Those caught up in it call it "the life." It usually involves a pimp, coercion and prostitution.
For young victims of sex trafficking, getting out of that life and building a new one can be a monumental task. Having a rap sheet for prostitution makes it incredibly difficult to apply for jobs, or housing, or school — the things it takes to start over.
This session, Washington lawmakers hope to support victims by expanding a law to allow survivors of sex trafficking to clear their records of multiple prostitution convictions. A current law, passed two years ago, only allows for removing one conviction.
The new bill continues the state's role as a leader in legislation to combat trafficking. So far, only about a dozen states have similar laws on the books. The latest legislative effort also continues a national trend toward taking a "victim-centered" approach to prostitution.
Nicole is one such young woman. When she was a teenager, she met a man who would later become her pimp. He lured her into a life of prostitution; that history dogs her now.
"When I go after jobs, I have a criminal history. I go for job interviews, I have to sit down with these employers and explain to them, look, I was a victim in a sex trafficking case," she said. "It’s really hard to get people to understand the meaning of this because they don’t think 'victims.' They think, 'Oh you just wanted to make a quick buck, take the lazy way out of life.'"
Nicole said people don't always understand how girls get trapped and how difficult it can be to get out. She's reminded of that every day when she looks in the mirror and sees the lasting damage of a beating from her pimp.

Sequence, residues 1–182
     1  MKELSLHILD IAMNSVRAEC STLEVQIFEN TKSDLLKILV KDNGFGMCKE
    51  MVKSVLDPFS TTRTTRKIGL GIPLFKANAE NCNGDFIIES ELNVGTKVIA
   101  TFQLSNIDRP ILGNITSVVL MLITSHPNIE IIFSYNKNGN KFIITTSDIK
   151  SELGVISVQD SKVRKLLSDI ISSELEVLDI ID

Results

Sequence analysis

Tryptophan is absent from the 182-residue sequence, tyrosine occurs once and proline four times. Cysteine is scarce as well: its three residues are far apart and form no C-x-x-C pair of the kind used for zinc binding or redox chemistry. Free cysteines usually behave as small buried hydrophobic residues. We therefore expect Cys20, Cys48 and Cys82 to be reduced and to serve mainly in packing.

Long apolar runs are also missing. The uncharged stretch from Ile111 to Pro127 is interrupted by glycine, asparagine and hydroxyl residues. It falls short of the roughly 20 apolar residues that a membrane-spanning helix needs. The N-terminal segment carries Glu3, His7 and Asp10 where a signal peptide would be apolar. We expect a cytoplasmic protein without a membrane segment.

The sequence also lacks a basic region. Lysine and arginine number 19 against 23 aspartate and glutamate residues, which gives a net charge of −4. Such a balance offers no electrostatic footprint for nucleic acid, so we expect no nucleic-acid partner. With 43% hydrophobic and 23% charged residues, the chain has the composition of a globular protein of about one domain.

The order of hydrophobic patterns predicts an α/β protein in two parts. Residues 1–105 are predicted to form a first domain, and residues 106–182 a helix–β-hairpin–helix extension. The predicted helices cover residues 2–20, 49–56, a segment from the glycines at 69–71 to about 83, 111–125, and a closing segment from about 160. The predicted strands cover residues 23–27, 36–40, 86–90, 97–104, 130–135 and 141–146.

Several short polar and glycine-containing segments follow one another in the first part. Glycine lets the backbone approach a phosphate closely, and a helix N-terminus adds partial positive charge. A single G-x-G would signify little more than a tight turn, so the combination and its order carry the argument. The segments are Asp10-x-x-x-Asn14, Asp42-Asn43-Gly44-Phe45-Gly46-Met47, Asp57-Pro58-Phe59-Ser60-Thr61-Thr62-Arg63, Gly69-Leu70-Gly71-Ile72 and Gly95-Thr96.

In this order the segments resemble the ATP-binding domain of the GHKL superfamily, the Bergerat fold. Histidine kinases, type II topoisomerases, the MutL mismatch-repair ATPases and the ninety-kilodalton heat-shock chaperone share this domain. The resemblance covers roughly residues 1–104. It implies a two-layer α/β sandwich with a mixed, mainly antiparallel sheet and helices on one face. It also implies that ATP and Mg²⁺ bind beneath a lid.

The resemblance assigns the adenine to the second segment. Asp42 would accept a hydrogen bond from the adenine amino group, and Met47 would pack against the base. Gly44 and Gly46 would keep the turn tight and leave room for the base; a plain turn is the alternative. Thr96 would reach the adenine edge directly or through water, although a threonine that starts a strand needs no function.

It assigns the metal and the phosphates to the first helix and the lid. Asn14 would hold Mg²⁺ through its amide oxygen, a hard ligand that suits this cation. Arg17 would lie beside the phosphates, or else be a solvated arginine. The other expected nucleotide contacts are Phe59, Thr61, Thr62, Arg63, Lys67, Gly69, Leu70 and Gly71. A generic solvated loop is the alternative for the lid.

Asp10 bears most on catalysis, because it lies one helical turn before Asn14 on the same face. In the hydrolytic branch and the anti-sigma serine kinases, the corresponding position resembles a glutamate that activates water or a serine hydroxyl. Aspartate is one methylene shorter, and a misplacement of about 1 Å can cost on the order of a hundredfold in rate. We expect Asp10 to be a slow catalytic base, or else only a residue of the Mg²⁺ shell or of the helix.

"I had reconstructive surgery on my face. I’ve got three plates around my left eye," she said. "My whole entire left eye socket broke. When I look in the mirror [to] do my hair and makeup like a normal person to go to work or something, I can see that my face doesn’t look the same as it used to."
She had eight concussions from this one incident. Her pimp is now in prison, but she’s still afraid of him and his friends. That’s why she’s not revealing her last name in this story.
The bill is intended to help people like Nicole start over.
"The reality is that individuals engaged in prostitution are often caught and arrested and prosecuted multiple times over their time in ‘the life,'" said King County's Senior Deputy Prosecutor Val Richey, who works exclusively on human trafficking cases. "Allowing them to remove those convictions because they were obtained as result of engaging in prostitution through force or coercion makes a lot of sense, whether it’s one conviction or two or three."
Richey said he hopes the bill expansion passes through the state Senate. An identical expansion to the bill passed the House last year but got stalled in the mostly Republican-controlled Senate. This year the bill's sponsor said it has a better chance because a compromise is being sorted out.
If it passes, getting the word out will be the next step. Richey does trainings on human trafficking for law enforcement and advocacy groups all over the state and said he consistently ends up telling people about the bill for the first time.
Nicole didn't know about the bill either. Currently, she is working three jobs and going to school full-time. But she said her history has already cost her some job opportunities that could have helped her launch a career.
She wants to be a victim’s advocate, someone who can help young women like herself. She said getting her record cleared "would just be the best thing in the world."